The victory of the disciples is the victory of the teacher. Because we of the Soka Gakkai, following the path of the oneness of mentor and disciple, have fought together with wisdom and strength equal to that of the Buddha, we have been able to realize the widespread propagation of the Mystic Law throughout Japan and the entire world. 

Nichiren sternly warns: “One who understands [that in this world, we owe four debts of gratitude] is worthy to be called human, while one who does not is no more than an animal” (“A Sage and an Unenlightened Man,” WND-1, 122). Those basehearted former disciples who forgot their debt of gratitude to Mr. Toda and cursed and denounced him in terrible betrayal invariably came to miserable and wretched ends. Similarly, those corrupt, self-serving individuals who, in more recent times, maliciously turned on the Soka Gakkai, trampling on the sincerity and support of their fellow members, have also walked a ruinous course to suffering and defeat. In accord with the law of cause and effect, actual proof of right and wrong is clearly revealed. We have seen this with our own eyes.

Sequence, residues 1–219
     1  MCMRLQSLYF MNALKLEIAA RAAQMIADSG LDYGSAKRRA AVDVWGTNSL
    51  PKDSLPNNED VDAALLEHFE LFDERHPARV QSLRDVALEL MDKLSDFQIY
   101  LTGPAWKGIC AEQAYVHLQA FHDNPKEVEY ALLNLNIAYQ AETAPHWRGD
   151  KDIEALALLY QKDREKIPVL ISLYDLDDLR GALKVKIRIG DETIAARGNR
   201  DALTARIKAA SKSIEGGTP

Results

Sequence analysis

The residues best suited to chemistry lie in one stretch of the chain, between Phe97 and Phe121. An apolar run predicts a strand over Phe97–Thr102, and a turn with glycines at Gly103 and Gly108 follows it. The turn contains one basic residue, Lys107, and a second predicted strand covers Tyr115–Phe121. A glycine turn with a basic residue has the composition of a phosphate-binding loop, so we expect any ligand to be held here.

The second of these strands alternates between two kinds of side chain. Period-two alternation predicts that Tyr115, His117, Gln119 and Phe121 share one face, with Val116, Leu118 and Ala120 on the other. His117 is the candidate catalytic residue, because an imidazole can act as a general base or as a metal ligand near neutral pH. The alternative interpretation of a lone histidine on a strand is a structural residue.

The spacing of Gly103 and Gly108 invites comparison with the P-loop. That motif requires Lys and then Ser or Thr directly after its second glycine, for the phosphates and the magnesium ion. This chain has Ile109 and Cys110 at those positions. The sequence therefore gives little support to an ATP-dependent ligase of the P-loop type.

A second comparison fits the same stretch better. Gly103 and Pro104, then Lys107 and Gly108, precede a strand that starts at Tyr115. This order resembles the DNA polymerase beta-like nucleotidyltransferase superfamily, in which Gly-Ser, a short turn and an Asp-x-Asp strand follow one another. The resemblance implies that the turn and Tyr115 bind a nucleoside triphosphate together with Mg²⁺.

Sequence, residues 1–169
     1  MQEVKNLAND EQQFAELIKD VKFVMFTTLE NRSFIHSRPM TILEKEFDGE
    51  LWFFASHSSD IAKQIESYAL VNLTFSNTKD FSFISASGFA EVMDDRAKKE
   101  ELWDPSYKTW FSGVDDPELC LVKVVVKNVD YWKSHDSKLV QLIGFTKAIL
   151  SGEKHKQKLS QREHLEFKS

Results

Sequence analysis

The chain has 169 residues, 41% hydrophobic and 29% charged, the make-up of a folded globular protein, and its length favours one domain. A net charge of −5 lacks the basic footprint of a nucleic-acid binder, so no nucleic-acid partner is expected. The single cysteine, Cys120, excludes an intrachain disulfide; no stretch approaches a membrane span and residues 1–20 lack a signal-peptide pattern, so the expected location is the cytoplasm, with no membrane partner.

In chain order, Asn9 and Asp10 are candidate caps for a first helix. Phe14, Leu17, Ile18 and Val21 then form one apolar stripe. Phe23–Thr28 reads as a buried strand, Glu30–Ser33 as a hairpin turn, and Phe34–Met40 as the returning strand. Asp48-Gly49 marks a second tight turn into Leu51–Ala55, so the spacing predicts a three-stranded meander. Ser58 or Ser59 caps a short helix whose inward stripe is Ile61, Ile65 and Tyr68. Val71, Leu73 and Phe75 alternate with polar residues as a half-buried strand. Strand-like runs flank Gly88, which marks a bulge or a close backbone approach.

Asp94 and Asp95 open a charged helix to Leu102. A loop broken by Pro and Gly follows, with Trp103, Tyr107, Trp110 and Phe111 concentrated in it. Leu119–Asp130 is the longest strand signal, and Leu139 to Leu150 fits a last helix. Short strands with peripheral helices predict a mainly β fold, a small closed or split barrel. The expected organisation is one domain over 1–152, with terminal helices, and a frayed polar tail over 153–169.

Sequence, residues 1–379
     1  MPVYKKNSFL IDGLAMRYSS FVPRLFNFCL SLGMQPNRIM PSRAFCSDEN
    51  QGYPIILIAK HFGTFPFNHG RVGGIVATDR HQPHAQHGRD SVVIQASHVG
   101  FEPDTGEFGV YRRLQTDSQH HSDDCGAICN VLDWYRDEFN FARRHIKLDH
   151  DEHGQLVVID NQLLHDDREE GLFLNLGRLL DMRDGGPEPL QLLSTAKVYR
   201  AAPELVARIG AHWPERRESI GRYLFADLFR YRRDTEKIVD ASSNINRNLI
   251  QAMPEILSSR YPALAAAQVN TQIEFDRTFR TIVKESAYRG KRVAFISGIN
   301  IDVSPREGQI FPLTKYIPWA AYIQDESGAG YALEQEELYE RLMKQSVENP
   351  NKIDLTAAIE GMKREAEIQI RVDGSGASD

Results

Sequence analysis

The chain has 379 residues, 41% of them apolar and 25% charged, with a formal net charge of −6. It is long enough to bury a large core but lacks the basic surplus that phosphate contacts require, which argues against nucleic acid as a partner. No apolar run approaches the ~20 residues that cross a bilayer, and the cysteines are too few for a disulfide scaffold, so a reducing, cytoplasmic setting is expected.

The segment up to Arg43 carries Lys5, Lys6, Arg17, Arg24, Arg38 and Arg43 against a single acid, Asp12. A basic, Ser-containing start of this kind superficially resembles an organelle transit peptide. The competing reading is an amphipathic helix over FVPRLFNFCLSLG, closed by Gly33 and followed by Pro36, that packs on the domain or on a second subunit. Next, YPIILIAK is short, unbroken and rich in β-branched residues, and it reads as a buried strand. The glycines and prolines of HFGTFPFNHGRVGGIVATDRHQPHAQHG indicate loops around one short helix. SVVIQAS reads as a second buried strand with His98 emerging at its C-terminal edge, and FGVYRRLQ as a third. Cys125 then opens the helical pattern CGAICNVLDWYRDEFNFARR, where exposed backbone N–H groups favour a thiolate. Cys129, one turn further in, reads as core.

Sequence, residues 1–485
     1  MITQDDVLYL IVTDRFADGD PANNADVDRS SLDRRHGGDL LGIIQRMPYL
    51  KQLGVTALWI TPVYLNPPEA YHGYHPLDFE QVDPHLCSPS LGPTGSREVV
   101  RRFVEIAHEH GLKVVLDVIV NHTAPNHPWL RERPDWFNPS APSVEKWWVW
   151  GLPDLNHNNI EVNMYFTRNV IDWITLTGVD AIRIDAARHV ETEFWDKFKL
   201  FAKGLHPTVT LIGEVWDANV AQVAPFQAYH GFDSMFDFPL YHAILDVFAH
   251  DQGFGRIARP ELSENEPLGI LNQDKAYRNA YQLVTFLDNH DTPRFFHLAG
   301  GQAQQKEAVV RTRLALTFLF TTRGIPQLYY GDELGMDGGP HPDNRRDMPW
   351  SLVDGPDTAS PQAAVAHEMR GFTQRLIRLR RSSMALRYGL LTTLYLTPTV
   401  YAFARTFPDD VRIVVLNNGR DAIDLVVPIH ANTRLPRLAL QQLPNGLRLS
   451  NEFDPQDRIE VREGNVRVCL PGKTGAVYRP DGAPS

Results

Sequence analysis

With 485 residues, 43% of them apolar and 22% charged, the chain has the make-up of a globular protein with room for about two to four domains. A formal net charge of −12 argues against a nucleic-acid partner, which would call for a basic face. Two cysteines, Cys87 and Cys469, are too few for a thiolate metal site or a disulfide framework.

The greater appreciation we feel for our mentor, the greater ability and strength we are able to manifest. The moment we vow to repay our debt of gratitude to our mentor, we set forth on a path toward the victory of mentor and disciple on the deepest level of life. We will then be able, together with our mentor, to eternally enjoy a wonderful life state equal to that of the Buddha.

Faith allows us to ‘change poison into medicine.’